The entry V1 trim includes useful kit that makes ownership that bit easier - front and rear parking sensors are standard, along with a rear camera, power-folding mirrors and auto headlights. Inside, there are two large cup holders, and big door bins for oddment storage.

All Cupra Leons come with sports seats in the front with larger side bolsters than the regular SEAT Leon, and there’s driver and passenger manual seat height and lumbar adjustment. If you upgrade to the VZ3 Design Edition specification, you’ll benefit from an electrically adjustable driver’s seat with memory settings. This range-topping model also gets Matrix LED headlights that can alter the brightest main beam pattern at night to provide maximum illumination at night without dazzling oncoming vehicles.

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An electrically deployable towing hook and a space-saver spare wheel are options for the estate model.

Size

The Leon hatchback is 4,398mm in length, 1,799mm across (excluding mirrors) and stands 1,467mm tall, which makes it 111mm longer and 10mm wider than a Volkswagen Golf, although the Leon sits 26mm lower, which adds to its sporty, more muscular appearance.

Of course, the estate is longer at 4,657mm, just as wide, but oddly a little lower at 1,439mm.

Leg room, head room & passenger space

The space upfront is good, and the headroom is on par with the Volkswagen Golf. Rear legroom is better than you’ll find in the Golf, and taller passengers should have no problem getting comfortable behind the front two, with plenty of space under the front seats for your feet.

Parents will be pleased to find two ISOFIX child seat anchor points on the outer positions of the rear seats. The securing rings are located behind some easy to remove plastic tabs.

Boot space

With a 380-litre boot the Leon is just one litre down on the VW Golf’s load capacity, although it does trump the Ford Focus by five litres. The rear bench offers a 60/40 split and includes a ski hatch for carrying longer items, although there isn’t a variable height boot floor, so there is an awkward lip to negotiate when loading.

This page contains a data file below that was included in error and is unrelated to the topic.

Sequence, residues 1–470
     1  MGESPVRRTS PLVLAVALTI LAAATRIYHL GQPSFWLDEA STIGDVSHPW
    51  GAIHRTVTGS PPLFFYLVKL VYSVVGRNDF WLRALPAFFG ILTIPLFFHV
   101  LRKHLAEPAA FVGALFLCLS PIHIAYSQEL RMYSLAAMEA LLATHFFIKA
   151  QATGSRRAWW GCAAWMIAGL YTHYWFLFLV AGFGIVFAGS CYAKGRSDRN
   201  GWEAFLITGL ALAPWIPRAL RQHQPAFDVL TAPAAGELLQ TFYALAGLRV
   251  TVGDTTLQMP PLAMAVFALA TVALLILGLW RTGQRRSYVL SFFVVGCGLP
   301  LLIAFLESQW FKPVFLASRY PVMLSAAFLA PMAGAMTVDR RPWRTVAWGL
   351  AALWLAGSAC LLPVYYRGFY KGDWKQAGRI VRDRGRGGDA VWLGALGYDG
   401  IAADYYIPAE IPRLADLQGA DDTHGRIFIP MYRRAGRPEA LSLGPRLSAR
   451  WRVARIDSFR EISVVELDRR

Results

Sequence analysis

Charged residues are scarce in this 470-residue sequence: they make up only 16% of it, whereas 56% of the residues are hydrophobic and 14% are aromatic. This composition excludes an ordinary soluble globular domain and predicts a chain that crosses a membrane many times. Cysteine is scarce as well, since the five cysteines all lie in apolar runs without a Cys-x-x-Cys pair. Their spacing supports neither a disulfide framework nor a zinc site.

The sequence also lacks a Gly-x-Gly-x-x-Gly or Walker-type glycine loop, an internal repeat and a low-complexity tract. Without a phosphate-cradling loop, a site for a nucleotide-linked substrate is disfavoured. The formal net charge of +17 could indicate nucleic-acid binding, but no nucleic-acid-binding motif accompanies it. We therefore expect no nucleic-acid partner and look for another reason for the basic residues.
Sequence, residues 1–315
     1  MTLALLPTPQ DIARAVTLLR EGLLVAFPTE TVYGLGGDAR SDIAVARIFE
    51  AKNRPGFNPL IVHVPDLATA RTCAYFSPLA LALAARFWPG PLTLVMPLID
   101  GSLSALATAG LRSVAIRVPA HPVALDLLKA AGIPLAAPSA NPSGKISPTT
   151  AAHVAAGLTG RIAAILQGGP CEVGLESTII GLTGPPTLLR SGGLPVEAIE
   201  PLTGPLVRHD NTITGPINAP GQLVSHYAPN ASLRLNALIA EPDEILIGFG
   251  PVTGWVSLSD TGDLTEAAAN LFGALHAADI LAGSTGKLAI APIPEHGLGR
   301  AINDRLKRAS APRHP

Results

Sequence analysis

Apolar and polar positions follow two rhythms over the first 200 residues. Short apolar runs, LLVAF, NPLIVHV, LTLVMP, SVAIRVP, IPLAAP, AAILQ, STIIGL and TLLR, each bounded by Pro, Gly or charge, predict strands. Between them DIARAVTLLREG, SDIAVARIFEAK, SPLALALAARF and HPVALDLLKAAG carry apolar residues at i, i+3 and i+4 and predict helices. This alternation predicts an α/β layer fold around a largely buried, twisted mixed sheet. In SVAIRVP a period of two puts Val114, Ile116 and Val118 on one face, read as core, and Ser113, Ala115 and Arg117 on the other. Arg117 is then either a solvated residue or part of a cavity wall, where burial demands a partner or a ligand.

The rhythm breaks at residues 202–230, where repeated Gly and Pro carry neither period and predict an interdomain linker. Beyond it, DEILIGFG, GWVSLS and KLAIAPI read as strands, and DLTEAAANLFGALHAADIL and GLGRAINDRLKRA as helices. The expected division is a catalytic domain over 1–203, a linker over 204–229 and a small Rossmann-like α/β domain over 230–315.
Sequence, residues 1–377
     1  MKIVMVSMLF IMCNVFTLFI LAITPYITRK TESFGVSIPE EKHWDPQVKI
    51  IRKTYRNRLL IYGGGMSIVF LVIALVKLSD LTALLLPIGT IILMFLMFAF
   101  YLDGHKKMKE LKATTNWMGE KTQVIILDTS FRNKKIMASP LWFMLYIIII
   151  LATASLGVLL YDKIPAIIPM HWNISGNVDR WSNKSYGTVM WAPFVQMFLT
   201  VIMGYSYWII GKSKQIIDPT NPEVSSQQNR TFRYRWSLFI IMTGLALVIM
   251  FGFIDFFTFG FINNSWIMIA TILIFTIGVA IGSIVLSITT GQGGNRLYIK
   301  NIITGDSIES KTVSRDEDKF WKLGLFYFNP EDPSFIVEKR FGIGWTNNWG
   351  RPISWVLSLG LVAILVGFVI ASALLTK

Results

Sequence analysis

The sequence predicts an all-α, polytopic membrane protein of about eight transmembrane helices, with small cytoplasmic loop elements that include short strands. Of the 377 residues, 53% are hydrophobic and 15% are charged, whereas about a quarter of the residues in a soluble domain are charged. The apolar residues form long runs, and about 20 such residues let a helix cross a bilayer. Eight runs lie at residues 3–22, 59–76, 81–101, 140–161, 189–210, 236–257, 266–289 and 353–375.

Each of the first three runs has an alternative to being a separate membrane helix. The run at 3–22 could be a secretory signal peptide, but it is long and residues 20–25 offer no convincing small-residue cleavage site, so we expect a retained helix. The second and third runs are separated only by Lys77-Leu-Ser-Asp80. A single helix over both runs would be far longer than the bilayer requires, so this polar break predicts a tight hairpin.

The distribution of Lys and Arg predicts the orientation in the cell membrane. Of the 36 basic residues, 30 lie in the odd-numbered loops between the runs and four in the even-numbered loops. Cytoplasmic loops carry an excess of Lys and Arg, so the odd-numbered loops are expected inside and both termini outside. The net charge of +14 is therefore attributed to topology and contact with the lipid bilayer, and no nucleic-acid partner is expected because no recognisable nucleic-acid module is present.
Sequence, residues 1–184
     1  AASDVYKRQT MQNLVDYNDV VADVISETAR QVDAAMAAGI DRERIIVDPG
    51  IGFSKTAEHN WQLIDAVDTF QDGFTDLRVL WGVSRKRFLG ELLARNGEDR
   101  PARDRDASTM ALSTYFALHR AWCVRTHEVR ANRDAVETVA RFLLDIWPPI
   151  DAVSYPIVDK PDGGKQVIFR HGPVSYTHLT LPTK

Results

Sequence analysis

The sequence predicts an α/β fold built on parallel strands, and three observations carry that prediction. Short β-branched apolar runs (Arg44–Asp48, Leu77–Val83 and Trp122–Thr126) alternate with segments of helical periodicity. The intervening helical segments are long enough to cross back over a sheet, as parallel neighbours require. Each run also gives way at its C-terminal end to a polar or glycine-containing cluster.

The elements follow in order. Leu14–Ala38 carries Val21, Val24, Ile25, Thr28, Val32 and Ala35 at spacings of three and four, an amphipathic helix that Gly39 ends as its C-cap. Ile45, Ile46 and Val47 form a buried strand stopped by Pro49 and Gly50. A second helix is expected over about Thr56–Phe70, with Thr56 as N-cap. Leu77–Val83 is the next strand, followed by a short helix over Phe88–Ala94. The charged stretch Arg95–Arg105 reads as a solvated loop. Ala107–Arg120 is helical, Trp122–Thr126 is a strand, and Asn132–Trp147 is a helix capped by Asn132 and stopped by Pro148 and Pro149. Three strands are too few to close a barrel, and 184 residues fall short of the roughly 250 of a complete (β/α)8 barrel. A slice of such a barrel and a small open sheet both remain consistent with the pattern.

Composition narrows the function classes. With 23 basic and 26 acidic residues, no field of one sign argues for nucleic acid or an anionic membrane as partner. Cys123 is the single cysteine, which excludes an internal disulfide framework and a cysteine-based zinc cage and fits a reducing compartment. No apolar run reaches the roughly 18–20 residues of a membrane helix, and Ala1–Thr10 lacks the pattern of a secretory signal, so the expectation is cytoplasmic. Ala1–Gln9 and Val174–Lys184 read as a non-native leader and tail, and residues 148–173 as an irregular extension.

Towing

Only the most powerful four-wheel drive 2.0-litre TSI 310 gets a towing rating. However, its 1,900kg braked towing rate is plenty for towing a caravan.

Reliability and safety

Safety kit for the Cupra Leon is good, but some active systems are only available on pricier versions

​Cupra is too new of a brand to have been featured in our 2023 Driver Power customer satisfaction survey, although parent company SEAT was. Its 23rd place out of 32 manufacturers shows there’s plenty of room for improvement.

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​​The SEAT Leon achieved a full five-star Euro NCAP rating for safety, with reassuring scores of 92 per cent for adult occupant safety and 88 per cent for child protection.

Standard safety equipment is good and includes an autonomous emergency braking function, Lane Assist, traffic sign recognition, and a tiredness recognition system. There’s also adaptive cruise control to keep you a safe distance from the car in front when travelling along the motorway, plus automatic lights and rain-sensing wipers. 

It’s a shame that the Safety and Driving Pack XL is only reserved for the pricier 2.0-litre TSI 310 version, which adds blind spot monitoring to let you know of vehicles alongside you when you go to change lanes. It also gets an exit assist system, which provides a warning to prevent you from opening your car door into the path of approaching traffic.

Warranty

Cupra offers an increased five-year/90,000-mile manufacturer’s warranty as standard, which is an improvement upon most of its rivals – including sibling brand Volkswagen, which only offers a run-of-the-mill three-year/60,000-mile policy.

The battery warranty for the plug-in hybrid model is a little stingy, though, at only five years or 100,000 miles, whereas many rivals will provide up to eight years of cover.

Servicing

Customers can take advantage of Cupra’s fixed-price servicing plans which allow you to pay for scheduled maintenance in monthly installments.

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Executive editor

Paul was employed across automotive agency and manufacturer-side sectors before joining Auto Express in 2020 as our online reviews editor. After a brief sojourn at a national UK newspaper, Paul returned as executive editor where he now works closely with our commercial partners.